## Algorithm Tutorials - Part 1 : Ad-Hoc Problems

Before moving on to the different algorithms, let's first see what does an algorithm actually mean?

 Definition :  A process or set of rules to be followed in calculations or other problem-solving operations, esp. by a computer.

Aho, Hopcroft and Ullman, had stated in their book on algorithms, named, "The Design and Analysis of Computer Algorithms" that "Perhaps the most important principle for the good algorithm designer is to refuse to be content."

There are only 16 types of Programming Contest Problems available, viz. :

2. Greedy
3. Computational Geometry
4. Dynamic Programming
5. BigNums
6. Two-Dimensional
7. Eulerian Path
8. Minimum Spanning Tree
9. Knapsack
10. Network Flow
11. Flood Fill
12. Shortest Path
13. Approximate Search
14. Complete Search
15. Recursive Search Techniques
16. Heuristic Search

I will cover all of the above topics, one-by-one.

First, we will start up with the very basic one, i.e. the Ad-Hoc Problems.

There are some problems, whose algorithms do not fall into well studied solutions of standard categories.

Ad-Hoc falls in one of them. Each and every Ad-Hoc problem is unique, different from other problems, and no general solution or technique exist to solve them.

Well, it is good to come across such problems, as your brain will be shaped in a way to crack a problem in many different ways. The solutions might require a complete new user-made data structure, or some sort of special combinations, or unusual set of loops or conditions.

While solving Ad-Hoc problems, you are required to read the problem very carefully, and produce a solution which satisfies all the constraints and conditions mentioned in the Problem Statement.

Though, each and every problem requires a new solution, it is mandatory to keep in mind that Time and Space trade-offs are still maintained. For that, you need to optimize your code, and come up with an efficient solution.

Now, Let us take a look at the following example :

Problem Statement  (Reference Link : http://ace.delos.com/)

# Broken Necklace

You have a necklace of N red, white, or blue beads (3<=N<=350) some of which are red, others blue, and others white, arranged at random. Here are two examples for n=29:
```

```
The beads considered first and second in the text that follows have been marked in the picture.

The configuration in Figure A may be represented as a string of b's and r's, where b represents a blue bead and r represents a red one, as follows: brbrrrbbbrrrrrbrrbbrbbbbrrrrb .

Suppose you are to break the necklace at some point, lay it out straight, and then collect beads of the same color from one end until you reach a bead of a different color, and do the same for the other end (which might not be of the same color as the beads collected before this).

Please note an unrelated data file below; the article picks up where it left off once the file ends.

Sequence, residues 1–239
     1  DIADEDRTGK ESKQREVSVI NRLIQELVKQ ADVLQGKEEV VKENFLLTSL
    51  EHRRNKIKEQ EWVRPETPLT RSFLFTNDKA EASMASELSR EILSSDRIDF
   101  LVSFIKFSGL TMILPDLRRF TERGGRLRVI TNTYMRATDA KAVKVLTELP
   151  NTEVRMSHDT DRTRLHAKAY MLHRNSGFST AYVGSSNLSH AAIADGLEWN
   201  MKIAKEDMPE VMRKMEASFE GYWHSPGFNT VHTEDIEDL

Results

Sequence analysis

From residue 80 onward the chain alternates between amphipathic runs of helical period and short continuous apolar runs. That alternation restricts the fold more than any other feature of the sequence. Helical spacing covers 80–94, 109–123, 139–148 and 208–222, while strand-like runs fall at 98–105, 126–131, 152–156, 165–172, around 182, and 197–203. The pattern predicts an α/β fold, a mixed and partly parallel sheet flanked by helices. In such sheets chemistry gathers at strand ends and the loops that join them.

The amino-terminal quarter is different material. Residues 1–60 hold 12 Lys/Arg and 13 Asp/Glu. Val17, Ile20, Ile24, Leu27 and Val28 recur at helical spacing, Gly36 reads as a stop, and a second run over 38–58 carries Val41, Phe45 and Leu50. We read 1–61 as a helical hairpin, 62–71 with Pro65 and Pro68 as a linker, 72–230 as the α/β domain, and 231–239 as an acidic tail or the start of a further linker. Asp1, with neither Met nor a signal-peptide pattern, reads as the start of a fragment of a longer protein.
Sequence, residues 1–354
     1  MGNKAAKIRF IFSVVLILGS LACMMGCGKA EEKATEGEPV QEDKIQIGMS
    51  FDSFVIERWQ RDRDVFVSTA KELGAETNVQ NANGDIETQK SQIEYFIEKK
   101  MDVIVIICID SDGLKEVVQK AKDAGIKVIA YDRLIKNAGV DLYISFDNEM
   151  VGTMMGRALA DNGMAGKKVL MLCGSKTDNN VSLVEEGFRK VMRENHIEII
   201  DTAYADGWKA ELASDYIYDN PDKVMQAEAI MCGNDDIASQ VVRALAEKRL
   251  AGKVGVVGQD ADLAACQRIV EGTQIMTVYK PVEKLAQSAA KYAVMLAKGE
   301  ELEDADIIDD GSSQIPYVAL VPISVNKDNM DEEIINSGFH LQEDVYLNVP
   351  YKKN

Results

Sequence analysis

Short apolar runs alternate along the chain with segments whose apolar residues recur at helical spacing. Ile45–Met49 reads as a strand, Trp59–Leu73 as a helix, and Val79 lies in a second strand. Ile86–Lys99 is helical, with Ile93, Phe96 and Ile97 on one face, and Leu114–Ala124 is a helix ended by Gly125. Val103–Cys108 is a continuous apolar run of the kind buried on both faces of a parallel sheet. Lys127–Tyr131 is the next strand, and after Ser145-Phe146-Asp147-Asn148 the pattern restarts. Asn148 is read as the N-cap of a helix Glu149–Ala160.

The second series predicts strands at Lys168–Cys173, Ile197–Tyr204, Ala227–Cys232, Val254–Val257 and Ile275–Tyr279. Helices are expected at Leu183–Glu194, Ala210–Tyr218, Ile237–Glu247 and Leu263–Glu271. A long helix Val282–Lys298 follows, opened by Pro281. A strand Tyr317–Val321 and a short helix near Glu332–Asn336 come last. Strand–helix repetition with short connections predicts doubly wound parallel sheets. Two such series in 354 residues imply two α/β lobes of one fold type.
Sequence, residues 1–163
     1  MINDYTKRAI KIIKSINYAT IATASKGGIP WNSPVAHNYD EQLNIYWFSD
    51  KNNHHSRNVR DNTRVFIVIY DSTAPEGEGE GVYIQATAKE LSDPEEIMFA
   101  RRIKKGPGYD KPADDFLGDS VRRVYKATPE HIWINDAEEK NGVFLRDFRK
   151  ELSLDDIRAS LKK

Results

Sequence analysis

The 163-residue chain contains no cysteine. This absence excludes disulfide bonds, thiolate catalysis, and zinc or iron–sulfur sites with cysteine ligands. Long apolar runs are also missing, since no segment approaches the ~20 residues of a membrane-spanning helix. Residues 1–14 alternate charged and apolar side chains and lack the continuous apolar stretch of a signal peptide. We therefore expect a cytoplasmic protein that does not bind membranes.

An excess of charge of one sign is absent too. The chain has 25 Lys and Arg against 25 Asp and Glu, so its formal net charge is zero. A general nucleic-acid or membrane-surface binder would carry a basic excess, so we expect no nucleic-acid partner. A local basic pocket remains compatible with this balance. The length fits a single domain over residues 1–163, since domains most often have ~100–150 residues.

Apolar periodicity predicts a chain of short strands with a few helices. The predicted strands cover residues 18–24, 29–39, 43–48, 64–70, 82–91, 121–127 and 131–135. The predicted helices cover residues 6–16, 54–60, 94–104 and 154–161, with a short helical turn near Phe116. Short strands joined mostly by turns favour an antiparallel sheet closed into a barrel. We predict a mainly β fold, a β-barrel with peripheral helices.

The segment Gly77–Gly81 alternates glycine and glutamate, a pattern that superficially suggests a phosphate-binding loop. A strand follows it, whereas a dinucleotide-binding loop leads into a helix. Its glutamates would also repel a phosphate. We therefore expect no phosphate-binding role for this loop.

Determine the point where the necklace should be broken so that the most number of beads can be collected.

### Example

For example, for the necklace in Figure A, 8 beads can be collected, with the breaking point either between bead 9 and bead 10 or else between bead 24 and bead 25.

In some necklaces, white beads had been included as shown in Figure B above. When collecting beads, a white bead that is encountered may be treated as either red or blue and then painted with the desired color. The string that represents this configuration will include the three symbols r, b and w.

Write a program to determine the largest number of beads that can be collected from a supplied necklace.

### INPUT FORMAT

 Line 1: N, the number of beads Line 2: a string of N characters, each of which is r, b, or w

```
29

wwwbbrwrbrbrrbrbrwrwwrbwrwrrb
```

### OUTPUT FORMAT

A single line containing the maximum of number of beads that can be collected from the supplied necklace.

```11
```

### OUTPUT EXPLANATION

Consider two copies of the beads (kind of like being able to runaround the ends). The string of 11 is marked.
```
wwwbbrwrbrbrrbrbrwrwwrbwrwrrb wwwbbrwrbrbrrbrbrwrwwrbwrwrrb
****** *****

<-- assignments
5 x r  6 x b
rrrrrb bbbbb

<-- 11 total
```

Solution :

The Problem is very simple. There is not much explanation required to understand the logic behind this problem. You need to find the maximum number of beads that can be collected, as per the given conditions.

In this problem, the necklace size is small enough (350) that we might as well just try breaking the necklace at each point and see how many beads can be collected. This will take approximately O(n^2) time, but n is small enough that it won't matter.

I have used a simple Brute-Force approach.

A Brute-Force approach is nothing but trying and testing all the possible solutions, i.e. all the possible permutations and combinations, and find the desired solution. This method is a bit slower, and takes more time to solve.

Java Code :

```
/*

ID: prattsi1

LANG: JAVA

*/
```

```package com.usaco.training.section.one.one;

import java.io.File;
import java.io.FileNotFoundException;
import java.io.PrintWriter;
import java.util.Scanner;

public static void main(String[] args) throws FileNotFoundException {

Scanner sc = new Scanner(new File("C:/Users/PRASAM ENTERPRISE/workspace```
```/USACO/Training/com/usaco/training/section/one/one/beads.in"));

PrintWriter out = new PrintWriter(new File ("C:/Users/PRASAM ENTERPRISE```
```/workspace/USACO/Training/com/usaco/training/section/one/one/beads.out"));

final int N = Integer.parseInt(sc.nextLine());

for (int i = 0; i < N; i++) {

int count = 0;

char colorCheck = ' ';
for (int j = 0; j < straightNecklaceBeads.length(); j++) {
count++;
else if (colorCheck == ' ') {
count++;
} else {
count++;
else
break;
}
}

colorCheck = ' ';

for (int j = (straightNecklaceBeads.length() - 1); j >= 0; j--) {
count++;
else if (colorCheck == ' ') {
count++;
} else {
count++;
else
break;
}
}
}

out.close();
System.exit(0);
}
}
```

P.S. You may have a better and an efficient solution than mine. So, please share it with others, too.